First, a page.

100 Years Ago: Greeley, Front Range buried under 33 inches of snow
December 7, 2013
100 years ago in the Greeley Tribune-Republican, first week in December 1913:
It started snowing on Dec. 1, and the first story in the Tribune-Republican newspaper had praise for the moisture: "The crops are all in and the farmers were generally satisfied to see a blanket snow and moisture. By noon, the average total in Weld County was two inches." The problem was, the snow wouldn't stop. By the second day, 14 inches had fallen in Greeley; on Day No. 3, 22 inches, and all the roads were closed, power lines down, and meetings canceled; the fifth-day total came to 33 inches and was the deepest snow ever in Weld. Along the Front Range, cities from New Mexico to Wyoming, five feet of snow had fallen. Cities throughout the snowstorm were shut down. The horse-drawn snow plows couldn't clear the streets; ranchers couldn't reach — let alone find — their cattle and horses. Electrical power was off throughout the Front Range and Greeley.
Ground was broken for the new Lincoln Memorial in Washington, D.C. It will be made of Colorado marble.
After petitions from the residents, the Greeley City Council has hired a man to drive his wagon through town, collecting all the garbage and manure set out for him. The system will work for a trial of six months, costing the city $1,000 for the collection and disposal of trash, garbage and manure.
In different stories throughout the week, the newspaper pleads with its readers to first "Feed the birds," who are starving because of the heavy snow, then other requests were printed, including feeding the squirrels and the pheasants to keep them from starving. No such message was sent out for the hated beavers along the South Platte River. In recent weeks, many large trees had been cut down by beavers, building their homes and dams. It is against Colorado law to kill beavers, so the land owners who were losing many trees had no recourse.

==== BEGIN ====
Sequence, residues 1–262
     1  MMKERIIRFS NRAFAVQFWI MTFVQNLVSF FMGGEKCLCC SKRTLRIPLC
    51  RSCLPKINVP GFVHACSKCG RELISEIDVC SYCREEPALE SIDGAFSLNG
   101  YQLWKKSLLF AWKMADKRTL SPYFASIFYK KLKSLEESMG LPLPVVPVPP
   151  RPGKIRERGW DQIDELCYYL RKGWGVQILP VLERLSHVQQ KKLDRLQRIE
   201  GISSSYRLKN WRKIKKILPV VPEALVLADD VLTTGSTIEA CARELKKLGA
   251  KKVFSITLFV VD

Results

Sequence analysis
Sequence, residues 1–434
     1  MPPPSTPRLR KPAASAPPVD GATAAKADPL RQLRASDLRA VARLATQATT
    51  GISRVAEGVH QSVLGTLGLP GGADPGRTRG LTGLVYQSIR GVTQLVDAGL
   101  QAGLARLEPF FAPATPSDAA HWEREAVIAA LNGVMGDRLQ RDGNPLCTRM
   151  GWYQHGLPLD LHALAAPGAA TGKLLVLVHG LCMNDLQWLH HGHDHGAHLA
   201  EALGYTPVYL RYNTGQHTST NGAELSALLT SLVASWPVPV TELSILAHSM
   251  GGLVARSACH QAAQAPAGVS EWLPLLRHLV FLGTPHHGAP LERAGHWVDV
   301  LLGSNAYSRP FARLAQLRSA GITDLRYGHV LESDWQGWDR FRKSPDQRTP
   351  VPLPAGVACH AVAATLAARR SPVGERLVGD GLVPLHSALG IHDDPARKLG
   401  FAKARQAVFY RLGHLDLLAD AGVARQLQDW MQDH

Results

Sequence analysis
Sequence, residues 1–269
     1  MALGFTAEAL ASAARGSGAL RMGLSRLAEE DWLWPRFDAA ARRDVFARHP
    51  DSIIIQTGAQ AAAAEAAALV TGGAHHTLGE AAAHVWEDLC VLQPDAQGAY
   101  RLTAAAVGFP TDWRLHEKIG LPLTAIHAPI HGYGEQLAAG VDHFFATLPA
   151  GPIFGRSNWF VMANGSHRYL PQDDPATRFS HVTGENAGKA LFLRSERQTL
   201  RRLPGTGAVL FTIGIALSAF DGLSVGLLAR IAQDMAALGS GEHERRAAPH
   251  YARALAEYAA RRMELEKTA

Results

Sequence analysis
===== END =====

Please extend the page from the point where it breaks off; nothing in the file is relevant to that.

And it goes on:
Homeless men who come to the jail at night for a place to sleep are allowed to stay, if they promise to shovel the continuous snow from the jail's sidewalks the next morning.
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A visitor to this area, John Ensley, had $300 coming to him in wages from an Eaton farmer after they harvested the farmer's sugar beets. The farmer, J.L. Lance of Eaton, told Ensley he would have to wait for his check, just like everyone else, until the sugar company sent their payments. Ensley couldn't wait, and challenged Lance to a duel — winner take all. Ensley had a handgun and was pointing it at Lance when he made the duel proposition. Ensley was arrested for carrying a concealed weapon and threats against the farmer. In court, Ensley said he was from the south, and that's the way they settled disputes where he came from.
WANTED: Woman to cook at Union Hotel. Must be OK and not afraid to work.
WANTED: Girl for housework. Country girl preferred. Phone Greeley 616 evenings.
From the daily column "Efficient House Keeping," a column about cooking a turtle, or terrapin. "The ordinary way of killing the turtle is to plunge it alive into boiling water, but so many vegetarians complained, the method has changed. Now we chop off their heads with a sharp knife, and THEN plunge them into boiling water."
"Frank Silvey, a Denver policeman on vacation, and who was spending time with his brother here, was taken to Denver last night upon a warrant served by his wife, charging him with non-support."
In an interview with Professor Mitchinoff, the famous Russian bacteriologist, he gave the secret of preventing or curing cancer: first, gather up all your knives, forks and spoons and pass them through the flame of a Bunsen burner; eat no raw fruits or vegetables – boil them all; boil and filter all the water you use; toast all bread before eating to get rid of cancer-causing microbes. The professor said he has found the cures to all cancers, and that the disease is not hereditary, as some people claim. It is caused by cancer microbes on your uncooked foods.
Special at the Park Merchandise Co.: Ham, 20 cents per pound; Bacon, 22 cents/pound; 5-pound bucket of pure lard, 70 cents; 10-pound bucket of pure lard, $1.35
Weld County Clerk J.E. Snook announced they have issued 778 automobile licenses and 251 motorcycle licenses this year. All the county licenses must be renewed each year, so those sold this year will expire at the end of 1913.
"100 Years Ago" is taken from the original pages of The Greeley Tribune, The Weld County Republican, and, when they merged, The Greeley Tribune-Republican. Questions or comments may be sent to email@example.com.